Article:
On the campaign trail in Michigan, Obama made the huge blunder of dismissing a female reporter's question by calling her "sweetie." Well, at least he didn't call her Mommy.
Momlogic's Andrea writes: OK, here's a rule of thumb, Obama, when courting women voters don't call them sexist names like sweetie...or honey, doll, or for that matter, sugar tits. Oh, and here's another rule, if you don't want to piss me off, don't call me "Mommy." Although I fully embrace my roll as mother or mom--when someone refers to me as "Mommy," I feel that morning sickness queasiness only a real "Mommy" can know.
When I first had my daughter and was going stir crazy in my new stay-at-home role, many of my friends suggested I attend a Mommy and Me class--an idea I found repellent. Wasn't there a group of women who got together with their babies called the more grammatically correct Mom and I? Or, how about this: "Scared Shitless Women Who Just Had Babies and are Going out of their F**king Mind from Boredom Group." What? Too long?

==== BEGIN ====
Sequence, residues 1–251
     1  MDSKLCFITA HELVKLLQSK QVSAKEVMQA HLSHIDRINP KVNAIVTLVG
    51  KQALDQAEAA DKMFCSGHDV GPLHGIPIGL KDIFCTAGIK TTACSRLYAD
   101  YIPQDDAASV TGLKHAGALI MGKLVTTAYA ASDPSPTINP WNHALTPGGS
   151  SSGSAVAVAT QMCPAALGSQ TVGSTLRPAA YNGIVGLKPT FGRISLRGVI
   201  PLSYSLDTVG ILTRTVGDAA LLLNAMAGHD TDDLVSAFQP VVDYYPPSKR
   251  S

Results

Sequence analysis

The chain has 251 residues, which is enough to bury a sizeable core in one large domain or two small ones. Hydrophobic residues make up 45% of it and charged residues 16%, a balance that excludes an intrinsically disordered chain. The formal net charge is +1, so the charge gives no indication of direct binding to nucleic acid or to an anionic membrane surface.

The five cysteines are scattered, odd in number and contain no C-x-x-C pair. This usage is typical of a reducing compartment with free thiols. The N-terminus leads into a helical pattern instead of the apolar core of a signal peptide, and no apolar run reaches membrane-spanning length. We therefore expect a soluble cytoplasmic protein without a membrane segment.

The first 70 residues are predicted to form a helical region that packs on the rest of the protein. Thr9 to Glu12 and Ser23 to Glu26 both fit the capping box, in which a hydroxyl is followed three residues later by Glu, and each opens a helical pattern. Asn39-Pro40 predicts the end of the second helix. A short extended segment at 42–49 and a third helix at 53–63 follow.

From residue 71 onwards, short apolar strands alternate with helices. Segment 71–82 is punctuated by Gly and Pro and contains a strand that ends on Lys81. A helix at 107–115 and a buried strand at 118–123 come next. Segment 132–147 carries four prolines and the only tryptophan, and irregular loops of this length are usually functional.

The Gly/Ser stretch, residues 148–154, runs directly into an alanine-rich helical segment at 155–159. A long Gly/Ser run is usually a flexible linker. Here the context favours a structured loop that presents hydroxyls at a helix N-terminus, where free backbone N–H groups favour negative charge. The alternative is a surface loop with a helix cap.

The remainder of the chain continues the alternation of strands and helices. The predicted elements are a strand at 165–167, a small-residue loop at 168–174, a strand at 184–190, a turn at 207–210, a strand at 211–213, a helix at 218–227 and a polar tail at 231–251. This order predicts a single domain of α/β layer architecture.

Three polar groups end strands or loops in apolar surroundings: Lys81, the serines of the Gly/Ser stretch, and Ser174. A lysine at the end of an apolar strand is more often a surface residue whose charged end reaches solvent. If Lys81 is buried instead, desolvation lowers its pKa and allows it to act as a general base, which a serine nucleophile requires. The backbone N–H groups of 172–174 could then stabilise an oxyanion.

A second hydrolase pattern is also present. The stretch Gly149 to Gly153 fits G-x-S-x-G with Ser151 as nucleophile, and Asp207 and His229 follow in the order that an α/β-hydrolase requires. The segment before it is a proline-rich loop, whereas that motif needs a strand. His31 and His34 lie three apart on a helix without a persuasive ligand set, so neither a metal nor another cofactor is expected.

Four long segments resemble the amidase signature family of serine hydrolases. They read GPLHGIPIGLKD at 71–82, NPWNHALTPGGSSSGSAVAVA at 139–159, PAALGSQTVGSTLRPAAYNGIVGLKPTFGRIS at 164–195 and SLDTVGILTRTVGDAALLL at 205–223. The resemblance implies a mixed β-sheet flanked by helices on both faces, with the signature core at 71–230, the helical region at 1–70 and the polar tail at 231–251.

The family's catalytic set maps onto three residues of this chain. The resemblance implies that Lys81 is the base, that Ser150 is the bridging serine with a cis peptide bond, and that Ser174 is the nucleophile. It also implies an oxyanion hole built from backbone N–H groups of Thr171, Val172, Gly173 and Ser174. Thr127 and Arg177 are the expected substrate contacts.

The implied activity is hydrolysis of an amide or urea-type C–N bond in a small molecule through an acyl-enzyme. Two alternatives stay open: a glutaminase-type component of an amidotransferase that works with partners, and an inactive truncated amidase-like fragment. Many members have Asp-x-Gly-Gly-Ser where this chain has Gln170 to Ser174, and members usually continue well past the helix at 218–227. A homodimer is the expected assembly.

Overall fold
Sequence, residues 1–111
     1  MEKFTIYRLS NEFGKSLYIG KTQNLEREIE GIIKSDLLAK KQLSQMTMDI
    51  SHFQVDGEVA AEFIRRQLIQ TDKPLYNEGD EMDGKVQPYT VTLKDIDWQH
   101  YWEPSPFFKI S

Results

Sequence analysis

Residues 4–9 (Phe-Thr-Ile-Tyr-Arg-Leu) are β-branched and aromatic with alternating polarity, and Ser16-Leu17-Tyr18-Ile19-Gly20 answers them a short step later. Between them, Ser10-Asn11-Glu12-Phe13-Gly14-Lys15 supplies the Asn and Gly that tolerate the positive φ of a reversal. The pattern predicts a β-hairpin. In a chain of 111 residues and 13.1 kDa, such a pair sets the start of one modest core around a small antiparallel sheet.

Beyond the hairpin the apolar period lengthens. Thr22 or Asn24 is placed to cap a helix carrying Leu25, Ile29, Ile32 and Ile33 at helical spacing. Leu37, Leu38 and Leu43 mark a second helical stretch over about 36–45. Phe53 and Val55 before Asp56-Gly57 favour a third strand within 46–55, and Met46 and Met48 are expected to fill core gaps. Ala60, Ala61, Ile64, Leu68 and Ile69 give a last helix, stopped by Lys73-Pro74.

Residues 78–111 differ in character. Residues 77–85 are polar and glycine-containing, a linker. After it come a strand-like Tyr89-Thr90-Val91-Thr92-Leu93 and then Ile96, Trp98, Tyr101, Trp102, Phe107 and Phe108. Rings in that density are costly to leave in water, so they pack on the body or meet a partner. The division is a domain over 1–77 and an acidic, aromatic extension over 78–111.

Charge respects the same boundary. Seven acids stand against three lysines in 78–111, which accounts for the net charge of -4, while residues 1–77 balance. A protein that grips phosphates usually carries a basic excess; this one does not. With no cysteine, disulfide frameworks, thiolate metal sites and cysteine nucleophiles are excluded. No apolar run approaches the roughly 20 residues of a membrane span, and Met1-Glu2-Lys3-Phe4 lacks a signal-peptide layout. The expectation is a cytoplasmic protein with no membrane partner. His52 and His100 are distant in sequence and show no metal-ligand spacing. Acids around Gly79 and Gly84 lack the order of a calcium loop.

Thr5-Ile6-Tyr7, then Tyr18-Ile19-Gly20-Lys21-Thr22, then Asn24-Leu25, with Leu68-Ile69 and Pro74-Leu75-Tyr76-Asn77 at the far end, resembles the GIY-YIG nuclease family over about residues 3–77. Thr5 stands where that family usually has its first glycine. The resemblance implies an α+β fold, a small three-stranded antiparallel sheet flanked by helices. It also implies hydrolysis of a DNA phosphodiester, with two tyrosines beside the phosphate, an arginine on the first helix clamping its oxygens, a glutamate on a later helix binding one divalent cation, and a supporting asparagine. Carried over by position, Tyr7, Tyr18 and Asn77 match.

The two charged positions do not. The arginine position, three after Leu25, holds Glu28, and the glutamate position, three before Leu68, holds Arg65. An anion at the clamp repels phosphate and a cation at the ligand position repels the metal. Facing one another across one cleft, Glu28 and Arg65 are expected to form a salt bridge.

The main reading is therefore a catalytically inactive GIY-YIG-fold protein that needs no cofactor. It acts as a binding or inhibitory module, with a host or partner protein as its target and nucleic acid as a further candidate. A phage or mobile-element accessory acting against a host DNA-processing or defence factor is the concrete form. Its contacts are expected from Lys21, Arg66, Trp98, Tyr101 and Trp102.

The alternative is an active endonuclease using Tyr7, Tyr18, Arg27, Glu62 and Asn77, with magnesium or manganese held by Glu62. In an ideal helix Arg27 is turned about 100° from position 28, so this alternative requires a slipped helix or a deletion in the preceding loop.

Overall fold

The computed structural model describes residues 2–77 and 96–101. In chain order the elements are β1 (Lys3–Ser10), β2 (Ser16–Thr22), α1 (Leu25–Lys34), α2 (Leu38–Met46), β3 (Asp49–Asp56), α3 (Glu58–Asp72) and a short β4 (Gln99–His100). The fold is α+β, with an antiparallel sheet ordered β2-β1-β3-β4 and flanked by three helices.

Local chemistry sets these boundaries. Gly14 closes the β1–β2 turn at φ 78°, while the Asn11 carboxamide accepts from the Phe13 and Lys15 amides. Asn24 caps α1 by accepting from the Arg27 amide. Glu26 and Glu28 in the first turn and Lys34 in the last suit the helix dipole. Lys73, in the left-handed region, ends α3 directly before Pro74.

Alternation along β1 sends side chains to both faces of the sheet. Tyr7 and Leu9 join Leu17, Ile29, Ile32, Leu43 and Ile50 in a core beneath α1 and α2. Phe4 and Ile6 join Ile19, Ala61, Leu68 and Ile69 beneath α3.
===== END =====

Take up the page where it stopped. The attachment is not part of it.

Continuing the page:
Being labeled as a Mommy sounds like you're doomed to an eternity of changing poopy diapers and shuttling kids to soccer practices. Plus, it sounds like too, too precious baby talk. When I've been asked if I like being a Mommy, I have to say, "Yes, but hey, I am way more than just that. I'm a writer, too." "Oh!," the hapless inquisitor exclaims. "It must be SO hard being a working mommy, tip-tap-tapping on your computer and witing your widdle stories!" Uh...well, yeah.
The only person on this planet who can call me "Mommy" is my daughter. When I hear her say it, my heart melts. But anyone else, please, talk to me like an adult. After all, I've pushed a baby out of my vagina. I've endured more pain than the average lumberjack. Show some respect.